South Polar Times April 2012Scott’s intention has been fully realised in this painstaking and exact reproduction of all 12 issues of the South Polar Times. The original manuscripts, typed by the various editors, illustrated with drawings, watercolours and with photographs printed by Herbert Ponting in his Antarctic darkroom, have a thrilling immediacy. Opening the facsimile is to feel oneself in direct contact with the group of men who began the first great scientific exploration of Antarctica. It conveys an unsurpassed sense of the camaraderie that supported them, the patriotic vision that inspired them and the stoicism and courage that enabled them to endure and make light of terrible privations.

The history of exploration in Antarctica continues to fascinate us, but the dramatic ‘race to the Pole’ and tragic death of Scott and his companions has overshadowed much of what the expeditions were really about: scientific study, the pursuit of knowledge for its own sake, and a desire to test oneself against the most extreme conditions on earth. The South Polar Times offers an insight into the daily conditions, tasks and amusements of the expedition that is more evocative than any history book or biography. We can see Scott’s meticulous plans and calculations, the work of adapting the sledges, sewing reindeer skins for sleeping bags, practising skiing, exercising the animals and worrying over rations – activities which give the lie to some ill-informed criticisms of Scott as an ‘amateur’ who did not prepare properly or who scorned Inuit knowledge of survival in Polar conditions.

An evocative, moving record of the heroic age of exploration

Perhaps even more valuable than this window into the past is the light it sheds on the outlook of the expedition members which – 100 years and two world wars later – is at once familiar and strange. Edwardian society was still rigidly class-bound, while rank was naturally paramount in the Royal Navy. Although the expedition members functioned as a close and devoted team, and all contributed to the South Polar Times, we are reminded of how deep social divisions remained. Wilson drew sledge flags and heraldic devices for the officers and scientists, not for the petty officers or other ranks. Patriotism is a dominant note in many of the poems, which speak of ‘England’s pride’ or ‘Britons to a man’, despite the fact that many of the crew were from Australia, New Zealand and even Norway. Trivial details, however, prove revealing of how much the group did share culturally: popular music-hall songs rewritten with new lyrics that the men sang together; a pastiche of Walt Whitman’s poetry; and an account of their own expedition as recently decoded papyrus leaves – a spoof on the great Rosetta Stone controversy.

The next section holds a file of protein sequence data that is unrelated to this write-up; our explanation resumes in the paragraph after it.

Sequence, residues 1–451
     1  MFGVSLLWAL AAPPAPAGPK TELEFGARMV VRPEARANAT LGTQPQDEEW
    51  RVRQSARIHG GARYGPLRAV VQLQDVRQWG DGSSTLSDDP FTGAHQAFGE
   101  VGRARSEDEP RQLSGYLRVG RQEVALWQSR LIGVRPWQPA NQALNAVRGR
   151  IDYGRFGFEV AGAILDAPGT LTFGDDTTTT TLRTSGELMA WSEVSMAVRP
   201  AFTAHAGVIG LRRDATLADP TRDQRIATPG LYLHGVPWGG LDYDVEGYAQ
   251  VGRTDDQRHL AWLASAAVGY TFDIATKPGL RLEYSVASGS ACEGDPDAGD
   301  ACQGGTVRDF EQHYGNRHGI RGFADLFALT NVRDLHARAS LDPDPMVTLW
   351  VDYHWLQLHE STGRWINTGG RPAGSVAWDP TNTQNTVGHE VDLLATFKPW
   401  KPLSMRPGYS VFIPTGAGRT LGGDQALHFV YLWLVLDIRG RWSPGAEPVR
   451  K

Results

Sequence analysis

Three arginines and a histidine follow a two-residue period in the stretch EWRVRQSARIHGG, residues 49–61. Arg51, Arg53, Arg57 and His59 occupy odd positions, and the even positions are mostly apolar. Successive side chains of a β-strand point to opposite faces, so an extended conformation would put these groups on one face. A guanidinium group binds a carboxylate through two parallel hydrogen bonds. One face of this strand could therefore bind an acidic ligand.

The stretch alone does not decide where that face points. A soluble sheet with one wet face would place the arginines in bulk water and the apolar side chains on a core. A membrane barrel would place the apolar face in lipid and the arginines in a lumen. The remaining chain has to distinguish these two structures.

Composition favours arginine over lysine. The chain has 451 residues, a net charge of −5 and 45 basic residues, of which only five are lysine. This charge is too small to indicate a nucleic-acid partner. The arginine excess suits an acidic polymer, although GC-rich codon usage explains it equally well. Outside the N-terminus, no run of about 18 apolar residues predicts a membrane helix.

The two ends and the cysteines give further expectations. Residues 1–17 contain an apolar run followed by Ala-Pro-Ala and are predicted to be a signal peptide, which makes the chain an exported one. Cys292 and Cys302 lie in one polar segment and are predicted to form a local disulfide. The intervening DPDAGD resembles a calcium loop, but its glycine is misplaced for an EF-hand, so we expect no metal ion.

The South Polar Times is a powerful piece of history that shows us a heroic age in incomparable detail. The editions are beautiful and interesting in their own right: Scott, Shackleton and Bowers were all extremely talented writers, while Wilson was an excellent artist, and many others tried their hand at silhouettes, sketches and cartoons, including Lieutenant Barnes and Leading Stoker Arthur Quartley. Our modern fascination with the magnificent, lonely beauty of Antarctica is the legacy of the words and images left to us by these pioneers.

'Working with The Folio Society to bring this unique project to fruition has been a pleasure – they have proved themselves the most dedicated and expert of partners’
ALASDAIR MACLEOD, Royal Geographical Society (with IBG)

Reviews


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Review by mcwhitehead on 26th Mar 2013

Text: Illustrations: Binding: Rating: 5/5

"As an avid reader of exploration adventures, especially the polar regions, once I received the example pack I immeditately ordered this special edition. I love this set along with it's companion volu..." [read more]

Review by turracoo on 1st Dec 2012

Text: Illustrations: Binding: Rating: 5/5

"What a privilege it is to own this collection. I have always been fascinated by polar exploration and when the chance came up through the society to own this limited edition, I did not think twice. It..." [read more]